Jul 29 2009
I was having lunch one day with a good friend of mine, Marsha (hi, Marsha!) right after the launch of my blog and she was kind enough to listen to me as I told her about a tea-stained tag I saw on the ‘net and that I thought it would make good vintage background for a piece of quilling. Marsha made the comment, “I guess you couldn’t stain the actual quilling because it would fall apart because of the glue.”
That comment stopped me in my tracks. I had never thought about staining the quilling. Could it be done? What would be the best technique to use? And most importantly, what would it look like? My curiosity was piqued and I had to find out.
You may be wondering about my use of coffee to stain the papers since tea is usually used. In our household, however, my husband is a coffee drinker and I make two small pots a day. So, instead of wasting a teabag, I used the coffee grounds still in the used filter for the staining.
I started by creating a quilled rose card (Fig 1) to use as the control for this experiment (remember your high-school science class?) to see what difference the staining made. The card consists of a quilled pink rose with mint green leaves on a white tag which is then layered on a rose stem printed paper and plain pink card stock. This was adhered to an ivory card (note: the actual folded card was never stained).
I then made a duplicate card, except I did not mount the pink card stock background to the actual folded card. I placed the piece on a plastic plate and dabbed it with the used coffee grounds (Fig 2).
You’ll notice that only the tops of the quills were stained (Fig 3).
After the quilling dried, I adhered the stained quillwork to the folded card (Fig 4).
Next, I decided to stain the individual quilling papers and background papers used to make the quilled rose card (Fig 5).
The staining changed the look of papers giving them a more antique feel (Fig 6).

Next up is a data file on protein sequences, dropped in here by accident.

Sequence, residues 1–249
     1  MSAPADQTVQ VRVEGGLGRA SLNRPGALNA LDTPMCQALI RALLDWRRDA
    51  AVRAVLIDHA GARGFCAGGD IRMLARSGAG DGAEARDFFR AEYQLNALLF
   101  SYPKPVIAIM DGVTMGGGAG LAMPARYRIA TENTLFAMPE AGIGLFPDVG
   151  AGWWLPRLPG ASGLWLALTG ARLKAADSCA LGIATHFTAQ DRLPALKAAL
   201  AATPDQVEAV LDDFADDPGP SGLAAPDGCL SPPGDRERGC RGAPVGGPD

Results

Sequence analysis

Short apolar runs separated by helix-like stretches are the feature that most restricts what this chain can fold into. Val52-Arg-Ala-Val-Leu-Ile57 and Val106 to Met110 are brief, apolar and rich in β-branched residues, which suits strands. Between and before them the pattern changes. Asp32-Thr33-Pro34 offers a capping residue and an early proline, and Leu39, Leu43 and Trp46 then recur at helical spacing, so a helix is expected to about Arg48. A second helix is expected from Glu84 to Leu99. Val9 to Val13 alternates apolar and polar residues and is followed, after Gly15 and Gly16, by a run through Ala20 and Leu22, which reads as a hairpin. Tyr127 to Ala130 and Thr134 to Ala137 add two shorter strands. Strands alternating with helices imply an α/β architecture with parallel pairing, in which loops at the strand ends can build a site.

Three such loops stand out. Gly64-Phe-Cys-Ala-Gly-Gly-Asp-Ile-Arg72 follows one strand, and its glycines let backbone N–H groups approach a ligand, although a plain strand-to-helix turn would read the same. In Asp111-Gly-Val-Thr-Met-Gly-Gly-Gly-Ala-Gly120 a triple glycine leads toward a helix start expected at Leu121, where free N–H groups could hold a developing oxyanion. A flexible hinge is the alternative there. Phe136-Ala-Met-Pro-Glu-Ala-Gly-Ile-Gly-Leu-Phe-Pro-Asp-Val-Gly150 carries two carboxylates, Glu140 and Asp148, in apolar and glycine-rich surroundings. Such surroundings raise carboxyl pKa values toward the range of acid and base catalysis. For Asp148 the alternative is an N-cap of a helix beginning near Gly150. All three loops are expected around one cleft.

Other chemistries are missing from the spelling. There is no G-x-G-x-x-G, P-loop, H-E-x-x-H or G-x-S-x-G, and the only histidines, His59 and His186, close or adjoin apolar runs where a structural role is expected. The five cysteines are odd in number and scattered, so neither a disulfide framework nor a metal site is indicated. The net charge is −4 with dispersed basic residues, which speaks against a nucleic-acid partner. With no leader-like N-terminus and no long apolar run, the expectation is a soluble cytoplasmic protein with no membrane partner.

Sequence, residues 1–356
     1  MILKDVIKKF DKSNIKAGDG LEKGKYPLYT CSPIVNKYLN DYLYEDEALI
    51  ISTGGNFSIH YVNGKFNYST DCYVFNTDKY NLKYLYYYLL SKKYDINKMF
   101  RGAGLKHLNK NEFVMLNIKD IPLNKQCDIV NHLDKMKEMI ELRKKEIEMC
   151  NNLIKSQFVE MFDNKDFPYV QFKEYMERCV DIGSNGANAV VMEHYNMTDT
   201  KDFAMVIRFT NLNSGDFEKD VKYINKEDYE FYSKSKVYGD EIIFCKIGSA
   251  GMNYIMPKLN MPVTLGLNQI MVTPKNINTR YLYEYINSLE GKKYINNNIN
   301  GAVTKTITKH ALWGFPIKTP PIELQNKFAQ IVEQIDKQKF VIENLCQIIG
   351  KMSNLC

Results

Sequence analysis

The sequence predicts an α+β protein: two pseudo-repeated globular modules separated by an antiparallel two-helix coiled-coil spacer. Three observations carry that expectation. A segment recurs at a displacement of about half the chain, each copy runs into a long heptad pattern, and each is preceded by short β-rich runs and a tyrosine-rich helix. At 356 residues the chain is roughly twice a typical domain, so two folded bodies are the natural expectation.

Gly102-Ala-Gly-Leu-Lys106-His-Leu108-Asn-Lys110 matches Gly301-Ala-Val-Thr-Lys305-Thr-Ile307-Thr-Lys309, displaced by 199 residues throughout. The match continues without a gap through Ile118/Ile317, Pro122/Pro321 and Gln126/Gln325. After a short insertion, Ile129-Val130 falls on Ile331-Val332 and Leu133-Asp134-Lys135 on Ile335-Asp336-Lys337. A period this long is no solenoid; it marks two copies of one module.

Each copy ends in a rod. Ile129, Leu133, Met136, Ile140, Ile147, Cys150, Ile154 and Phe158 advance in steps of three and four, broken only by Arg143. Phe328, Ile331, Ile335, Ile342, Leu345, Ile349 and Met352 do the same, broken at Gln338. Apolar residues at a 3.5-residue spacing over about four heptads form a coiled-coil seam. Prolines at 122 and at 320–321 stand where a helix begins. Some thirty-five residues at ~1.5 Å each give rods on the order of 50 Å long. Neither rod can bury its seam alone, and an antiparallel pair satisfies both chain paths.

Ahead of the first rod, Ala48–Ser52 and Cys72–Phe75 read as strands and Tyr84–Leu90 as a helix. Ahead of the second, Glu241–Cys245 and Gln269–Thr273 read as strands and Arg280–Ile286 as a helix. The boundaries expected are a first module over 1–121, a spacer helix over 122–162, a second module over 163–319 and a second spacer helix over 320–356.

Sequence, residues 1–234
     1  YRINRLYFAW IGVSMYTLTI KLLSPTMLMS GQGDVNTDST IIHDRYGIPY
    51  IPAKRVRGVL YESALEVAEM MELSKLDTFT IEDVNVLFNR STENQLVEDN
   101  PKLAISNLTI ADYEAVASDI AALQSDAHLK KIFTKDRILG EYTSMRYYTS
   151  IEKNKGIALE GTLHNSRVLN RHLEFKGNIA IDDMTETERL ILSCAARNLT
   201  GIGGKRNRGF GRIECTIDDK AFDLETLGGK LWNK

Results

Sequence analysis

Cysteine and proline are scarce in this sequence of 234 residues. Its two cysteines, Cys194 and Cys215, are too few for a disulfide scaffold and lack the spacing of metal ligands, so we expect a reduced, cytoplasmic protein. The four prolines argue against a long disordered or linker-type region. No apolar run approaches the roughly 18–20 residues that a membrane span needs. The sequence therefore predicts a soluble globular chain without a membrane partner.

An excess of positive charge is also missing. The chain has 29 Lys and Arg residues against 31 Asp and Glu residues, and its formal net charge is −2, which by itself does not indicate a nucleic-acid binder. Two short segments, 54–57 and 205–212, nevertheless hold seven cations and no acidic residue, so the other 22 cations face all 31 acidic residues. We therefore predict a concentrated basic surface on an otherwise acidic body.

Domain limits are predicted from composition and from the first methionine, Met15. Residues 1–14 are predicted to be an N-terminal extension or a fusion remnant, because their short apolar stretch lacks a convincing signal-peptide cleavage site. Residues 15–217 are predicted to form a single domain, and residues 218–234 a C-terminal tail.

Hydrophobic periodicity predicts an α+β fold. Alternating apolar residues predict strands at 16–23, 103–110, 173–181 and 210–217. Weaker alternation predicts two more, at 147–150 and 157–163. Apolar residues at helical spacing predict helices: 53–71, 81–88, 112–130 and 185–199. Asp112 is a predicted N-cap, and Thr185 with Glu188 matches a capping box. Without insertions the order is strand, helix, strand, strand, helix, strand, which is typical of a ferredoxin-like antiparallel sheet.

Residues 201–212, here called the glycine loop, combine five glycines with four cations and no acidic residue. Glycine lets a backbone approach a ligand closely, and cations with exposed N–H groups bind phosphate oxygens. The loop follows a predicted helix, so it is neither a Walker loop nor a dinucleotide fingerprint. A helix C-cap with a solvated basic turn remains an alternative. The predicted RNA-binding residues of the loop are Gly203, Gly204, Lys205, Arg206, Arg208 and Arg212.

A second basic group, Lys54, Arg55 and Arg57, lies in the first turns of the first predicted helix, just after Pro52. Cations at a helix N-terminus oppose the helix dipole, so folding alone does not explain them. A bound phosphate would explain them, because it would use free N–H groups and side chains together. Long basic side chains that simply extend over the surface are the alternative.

You can see that the staining is more even on the quills when the individual papers are stained (Fig 7).
Fig 8 shows the completed card made from pre-stained quilling strips, tag, and background papers.
The final photo (Fig 9) shows the comparison of each card. (9A is the original control card, 9B is the card stained as a whole piece, and 9C is the card made from pre-stained pieces).
Staining the quilling as a whole piece is my least favorite technique. Already assembled, it was too hard to control the staining. I had a hard time getting into the nooks and crannies around the rose and the overall look is a bit too blotchy for me.
Staining the pieces individually gave me a lot more control. It was much easier to wipe away some of the stain if needed. The quilling papers crinkled up, but were easy enough to smooth out with my fingernail before rolling. You’ll note that I left the crinkle in the paper used for the tassel in this card since I thought it gave it more of a “fiber” effect.
Overall, I like the looks of the card made with this technique. I think it looks like it was aged with time and gives a very romantic feel to the quilling.
I would love to know what you think about my coffee-stained quilling experiement.
Please take a moment to send me a comment!